2. Final outcomes
Table 1 summarises the position of the Basque Country with regard to final outcome indicators. As usual, the Basque Country maintains a very favourable position with regard to the GDP per capita indicator (for which the latest available figures are from 2016), improving in both value and ranking compared to the previous year.
The Basque Country is in a very favourable position with regards to the per capita GDP indicator
GDP measures what is produced within the territory, but this production is not always reflected in the population’s wellbeing for various reasons: generating this production may have involved non-resident factors of production (both workers and capital) which take part in the income generated (for example, residents of Cantabria who work in Bizkaia); in the interests of solidarity or for other reasons, some of the income may be transferred to other territories (to either other autonomous communities or developing countries); or the government and firms may appropriate part of the income to reduce their debt. For this reason, the OECD and Eurostat consider per capita household disposable income to be a much more suitable indicator for measuring the development of the population’s level of wellbeing. When disposable income is considered, the Basque Country’s position is clearly worse, especially compared to the reference regions, and the statistics do not provide information to identify which of the explanatory factors discussed earlier is most significant. Additionally, in contrast to the situation in Germany, the EU-28 and the reference regions, the increase in the Basque Country’s level of GDP per capita in recent years have not raised its per capita household disposable income (see Graph 1). This may be due to the fact that 2015 is the last year for which we have data on disposable income, and in the Basque Country and Spain, the economic recovery took place later than in the EU as a whole.
But the increase in GDP per capita in the Basque Country has not been reflected in the disposable income of households per capita
The level of long-term unemployment is another indicator in which the Basque Country has much more unemployment than Spain, but it has been trending positively in absolute terms in recent years (down from 6.5 to 5.5 percent from 2016 to 2017). However, it is still in a poor position in relative terms compared to Europe. As Graph 1, shows, this is due to the significant increase at the start of the crisis. Although it has made a recovery in absolute terms since 2015, it is still quite a bit higher than the average for the EU-28 and the reference regions, and even more than Germany.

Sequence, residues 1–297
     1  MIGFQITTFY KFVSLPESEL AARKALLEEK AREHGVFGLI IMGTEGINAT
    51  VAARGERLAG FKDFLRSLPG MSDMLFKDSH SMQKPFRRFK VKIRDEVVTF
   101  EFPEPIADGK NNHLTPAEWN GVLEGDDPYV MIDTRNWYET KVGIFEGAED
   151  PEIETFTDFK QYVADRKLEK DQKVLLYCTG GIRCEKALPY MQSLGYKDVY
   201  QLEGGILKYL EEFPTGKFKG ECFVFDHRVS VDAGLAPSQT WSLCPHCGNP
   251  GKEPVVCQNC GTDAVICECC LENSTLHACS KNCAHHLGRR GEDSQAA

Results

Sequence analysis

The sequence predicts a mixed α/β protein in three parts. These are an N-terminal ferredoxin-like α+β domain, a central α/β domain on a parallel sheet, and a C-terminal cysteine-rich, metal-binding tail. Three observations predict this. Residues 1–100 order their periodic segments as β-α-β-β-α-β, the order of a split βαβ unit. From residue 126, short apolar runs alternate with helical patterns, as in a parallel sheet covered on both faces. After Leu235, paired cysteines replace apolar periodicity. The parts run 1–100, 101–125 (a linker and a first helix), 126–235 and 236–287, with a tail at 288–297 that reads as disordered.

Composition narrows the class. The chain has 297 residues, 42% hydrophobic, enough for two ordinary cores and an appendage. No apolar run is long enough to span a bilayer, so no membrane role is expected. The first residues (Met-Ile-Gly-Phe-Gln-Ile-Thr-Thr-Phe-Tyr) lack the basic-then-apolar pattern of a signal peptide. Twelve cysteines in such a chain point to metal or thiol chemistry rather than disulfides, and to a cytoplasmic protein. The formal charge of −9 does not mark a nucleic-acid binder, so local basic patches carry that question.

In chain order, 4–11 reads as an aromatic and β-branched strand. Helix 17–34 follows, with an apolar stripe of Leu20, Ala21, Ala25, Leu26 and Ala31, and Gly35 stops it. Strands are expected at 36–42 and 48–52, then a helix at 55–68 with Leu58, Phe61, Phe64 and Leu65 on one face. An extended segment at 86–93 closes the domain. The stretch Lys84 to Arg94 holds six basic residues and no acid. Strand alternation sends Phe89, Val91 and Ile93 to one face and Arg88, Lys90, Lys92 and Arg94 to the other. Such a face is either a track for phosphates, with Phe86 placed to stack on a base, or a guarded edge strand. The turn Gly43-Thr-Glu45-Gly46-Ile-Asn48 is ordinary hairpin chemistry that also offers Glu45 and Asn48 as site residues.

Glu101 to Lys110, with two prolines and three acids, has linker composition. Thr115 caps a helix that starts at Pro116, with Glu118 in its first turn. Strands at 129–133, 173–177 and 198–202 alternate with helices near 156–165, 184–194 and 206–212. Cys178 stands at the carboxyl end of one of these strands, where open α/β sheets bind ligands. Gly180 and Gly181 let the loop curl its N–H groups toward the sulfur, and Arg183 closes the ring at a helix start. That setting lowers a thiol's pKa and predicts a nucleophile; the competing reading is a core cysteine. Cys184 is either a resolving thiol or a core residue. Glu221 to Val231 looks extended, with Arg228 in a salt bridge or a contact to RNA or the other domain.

Despite the positive evolution in recent years, the Basque Country still holds low positions in the long-term unemployment rankings
In contrast, in both absolute and relative terms, the NEET (percentage of young people aged 15–24 who are not in education, employment or training, which is included as a final outcome indicator because it is an indication of unemployment, probably undesired, among the youth population) and risk of poverty rates are very positive. The first, whose values have dropped in recent years, approaching those of Germany, demonstrates that young people are continuing to educate themselves in the event that they do not want to or cannot work. The second indicates that, despite what was mentioned above about disposable income, there is a transfer of resources to the most disadvantaged strata of the population, making it possible for the Basque Country to rank high among European regions in terms of lower poverty rates. This would seem to indicate that income is distributed in a more uniform fashion with less inequality, as confirmed by the indicators shown in Table 2, where we can see that the Basque Country has better values in terms of the Gini coefficient (which measures inequality on a scale from 0, perfect equality, to 100, maximum inequality), the S80/S20 index (which measures the ratio between the 20% of people with the highest equivalent per capita income in the income distribution and the 20% of people with the lowest income), and the percentage of total income received by the 10% poorest among the population.
The Basque Country has lower rates of risk of poverty and inequality than other territories, and a better perception of the rate of satisfaction with life
Lastly, as regards the subjective level of wellbeing, the life satisfaction rate values estimated by the European Social Survey indicate that improvements observed in the objective final outcome indicators are also being perceived as a subjective improvement in quality of life. Thus, in Graph 2 we see, for example, that the life satisfaction rate inversely correlates with the level of long-term unemployment. This is even more marked in the reference regions than in the European regions as a whole. In the case of the Basque Country, satisfaction levels are above what would correspond to the level of long-term unemployment.
In general, the final results of the Basque Country have improved significantly
It can therefore be concluded that the final outcomes have improved significantly. Social indicators indicate that the needs of the most disadvantaged strata are being met, with lower poverty and inequality rates than in other territories, as well as a high positive perception as regards life satisfaction rates. Although in terms of disposable income, the results are worse than in other regions, this is something which may have improved in more recent years and should be monitored, as it is a more suitable measure of household wellbeing than GDP per capita. The most problematic indicator is long-term unemployment, as despite the reduction achieved, the Basque Country still ranks comparatively low in Europe, and especially when compared with the reference regions.